Squamulose lichen

A squamulose lichen is a lichen that is composed of small, often overlapping "scales" called squamules.[1] If they are raised from the substrate and appear leafy, the lichen may appear to be a foliose lichen, but the underside does not have a "skin" (cortex), as foliose lichens do. [2] Squamulose lichens are composed of flattish units that are usually tightly clustered. They are like an intermediate between crustose and foliose lichens.

Examples of squamulose lichen include Vahliella leucophaea, Cladonia subcervicornis and Lichenomphalia hudsoniana.[3]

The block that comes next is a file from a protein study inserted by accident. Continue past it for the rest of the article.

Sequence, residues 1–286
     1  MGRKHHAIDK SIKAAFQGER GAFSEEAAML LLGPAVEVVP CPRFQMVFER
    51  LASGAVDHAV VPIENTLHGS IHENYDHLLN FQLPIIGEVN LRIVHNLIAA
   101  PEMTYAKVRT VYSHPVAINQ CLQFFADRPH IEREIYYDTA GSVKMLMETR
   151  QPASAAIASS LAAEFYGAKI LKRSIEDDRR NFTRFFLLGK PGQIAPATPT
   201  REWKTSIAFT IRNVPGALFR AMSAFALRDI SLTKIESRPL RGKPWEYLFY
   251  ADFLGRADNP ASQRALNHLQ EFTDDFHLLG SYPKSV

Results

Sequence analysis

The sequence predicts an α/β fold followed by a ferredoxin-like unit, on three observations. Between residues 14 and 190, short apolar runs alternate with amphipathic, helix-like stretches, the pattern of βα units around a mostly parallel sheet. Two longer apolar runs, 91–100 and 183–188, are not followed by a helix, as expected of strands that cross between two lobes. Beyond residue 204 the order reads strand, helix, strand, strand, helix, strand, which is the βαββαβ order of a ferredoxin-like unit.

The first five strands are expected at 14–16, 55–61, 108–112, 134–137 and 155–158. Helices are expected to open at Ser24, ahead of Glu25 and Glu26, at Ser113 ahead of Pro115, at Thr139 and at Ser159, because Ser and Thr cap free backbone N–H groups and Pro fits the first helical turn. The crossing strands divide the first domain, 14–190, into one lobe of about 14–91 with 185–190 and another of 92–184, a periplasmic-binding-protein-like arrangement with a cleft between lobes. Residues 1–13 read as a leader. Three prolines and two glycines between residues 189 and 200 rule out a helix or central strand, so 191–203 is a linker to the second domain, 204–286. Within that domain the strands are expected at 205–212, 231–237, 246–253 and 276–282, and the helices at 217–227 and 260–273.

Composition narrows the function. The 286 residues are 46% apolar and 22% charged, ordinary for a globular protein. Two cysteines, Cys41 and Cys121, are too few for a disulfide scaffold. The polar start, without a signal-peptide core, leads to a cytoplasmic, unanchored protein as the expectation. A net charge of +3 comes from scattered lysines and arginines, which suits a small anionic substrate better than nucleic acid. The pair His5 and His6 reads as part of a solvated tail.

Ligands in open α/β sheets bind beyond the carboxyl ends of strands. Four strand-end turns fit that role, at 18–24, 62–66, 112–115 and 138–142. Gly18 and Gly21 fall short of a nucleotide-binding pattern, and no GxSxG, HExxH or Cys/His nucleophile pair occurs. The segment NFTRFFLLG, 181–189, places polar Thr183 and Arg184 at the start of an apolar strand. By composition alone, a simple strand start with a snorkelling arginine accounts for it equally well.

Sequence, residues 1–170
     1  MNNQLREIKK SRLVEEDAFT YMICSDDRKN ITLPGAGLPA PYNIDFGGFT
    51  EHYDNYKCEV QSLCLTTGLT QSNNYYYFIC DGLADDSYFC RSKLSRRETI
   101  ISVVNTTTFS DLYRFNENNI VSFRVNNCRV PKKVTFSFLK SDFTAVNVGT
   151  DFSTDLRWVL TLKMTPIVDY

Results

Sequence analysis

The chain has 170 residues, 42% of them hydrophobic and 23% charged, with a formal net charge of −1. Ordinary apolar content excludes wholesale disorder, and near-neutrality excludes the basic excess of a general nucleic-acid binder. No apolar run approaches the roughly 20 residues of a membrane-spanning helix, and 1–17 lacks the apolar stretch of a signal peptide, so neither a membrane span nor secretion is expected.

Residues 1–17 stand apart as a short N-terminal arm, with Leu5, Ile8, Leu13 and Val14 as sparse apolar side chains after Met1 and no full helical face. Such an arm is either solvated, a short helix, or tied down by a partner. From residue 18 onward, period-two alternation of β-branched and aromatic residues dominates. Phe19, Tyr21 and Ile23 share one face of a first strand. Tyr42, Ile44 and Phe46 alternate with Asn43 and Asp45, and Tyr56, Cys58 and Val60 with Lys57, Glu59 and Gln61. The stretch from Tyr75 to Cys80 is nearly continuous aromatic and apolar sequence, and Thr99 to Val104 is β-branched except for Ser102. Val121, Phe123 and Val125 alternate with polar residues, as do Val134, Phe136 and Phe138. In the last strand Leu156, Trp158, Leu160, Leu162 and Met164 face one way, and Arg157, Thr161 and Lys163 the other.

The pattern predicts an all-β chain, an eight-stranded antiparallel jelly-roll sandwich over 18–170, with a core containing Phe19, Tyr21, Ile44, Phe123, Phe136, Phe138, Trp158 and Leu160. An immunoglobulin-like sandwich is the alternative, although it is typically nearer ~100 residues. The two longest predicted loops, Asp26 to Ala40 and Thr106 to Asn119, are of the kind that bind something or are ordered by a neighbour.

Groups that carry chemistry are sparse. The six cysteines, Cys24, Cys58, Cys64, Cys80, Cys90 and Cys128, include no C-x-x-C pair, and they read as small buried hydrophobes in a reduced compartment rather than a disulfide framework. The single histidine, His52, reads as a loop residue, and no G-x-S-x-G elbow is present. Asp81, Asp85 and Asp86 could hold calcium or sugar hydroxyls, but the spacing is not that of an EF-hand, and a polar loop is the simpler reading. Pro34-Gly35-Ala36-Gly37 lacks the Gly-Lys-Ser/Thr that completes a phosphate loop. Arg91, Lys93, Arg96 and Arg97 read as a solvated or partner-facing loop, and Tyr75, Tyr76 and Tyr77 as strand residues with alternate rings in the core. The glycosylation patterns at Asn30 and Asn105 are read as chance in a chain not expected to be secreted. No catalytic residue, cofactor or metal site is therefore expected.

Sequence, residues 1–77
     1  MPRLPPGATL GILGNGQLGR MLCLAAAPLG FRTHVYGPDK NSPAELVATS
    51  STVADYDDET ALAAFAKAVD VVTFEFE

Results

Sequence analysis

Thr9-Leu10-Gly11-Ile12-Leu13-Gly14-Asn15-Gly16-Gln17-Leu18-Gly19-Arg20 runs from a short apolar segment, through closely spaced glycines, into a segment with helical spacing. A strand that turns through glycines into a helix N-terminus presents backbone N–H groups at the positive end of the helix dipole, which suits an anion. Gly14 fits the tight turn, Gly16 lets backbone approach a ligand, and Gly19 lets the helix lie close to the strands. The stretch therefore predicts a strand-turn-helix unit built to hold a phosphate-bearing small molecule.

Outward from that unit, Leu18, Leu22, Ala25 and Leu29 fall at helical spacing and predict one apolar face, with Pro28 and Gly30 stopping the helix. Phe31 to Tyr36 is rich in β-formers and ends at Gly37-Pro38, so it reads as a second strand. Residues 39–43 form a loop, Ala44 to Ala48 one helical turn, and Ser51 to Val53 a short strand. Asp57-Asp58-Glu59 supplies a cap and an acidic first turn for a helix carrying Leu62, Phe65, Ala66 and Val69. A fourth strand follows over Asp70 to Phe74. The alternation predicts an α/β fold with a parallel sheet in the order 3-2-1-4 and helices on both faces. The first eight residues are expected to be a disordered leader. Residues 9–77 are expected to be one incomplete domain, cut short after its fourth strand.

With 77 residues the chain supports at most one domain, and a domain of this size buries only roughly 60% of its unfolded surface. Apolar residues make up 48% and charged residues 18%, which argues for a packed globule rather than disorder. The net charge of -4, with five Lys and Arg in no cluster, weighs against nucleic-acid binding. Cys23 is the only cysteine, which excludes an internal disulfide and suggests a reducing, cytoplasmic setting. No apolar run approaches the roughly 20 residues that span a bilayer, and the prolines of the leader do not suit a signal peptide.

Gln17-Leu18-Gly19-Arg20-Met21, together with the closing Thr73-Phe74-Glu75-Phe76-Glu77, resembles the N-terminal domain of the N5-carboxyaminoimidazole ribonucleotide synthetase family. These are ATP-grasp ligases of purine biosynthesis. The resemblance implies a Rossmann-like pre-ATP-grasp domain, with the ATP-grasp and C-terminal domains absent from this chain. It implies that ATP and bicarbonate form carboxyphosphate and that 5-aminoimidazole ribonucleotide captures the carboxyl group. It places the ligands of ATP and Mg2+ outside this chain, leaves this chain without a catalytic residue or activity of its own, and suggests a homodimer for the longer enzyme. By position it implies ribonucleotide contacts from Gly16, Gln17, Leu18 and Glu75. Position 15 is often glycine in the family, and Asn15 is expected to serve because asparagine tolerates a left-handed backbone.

1. ^ Dobson, F.S. (2011). Lichens, an illustrated guide to the British and Irish species. Slough, England: Richmond Publishing Co. Ltd. ISBN 9780855463151.
  2. ^ http://www.ucmp.berkeley.edu/fungi/lichens/lichenmm.html
  3. ^ "FAQs". Images of British Lichens. Retrieved 3 April 2020. CS1 maint: discouraged parameter (link)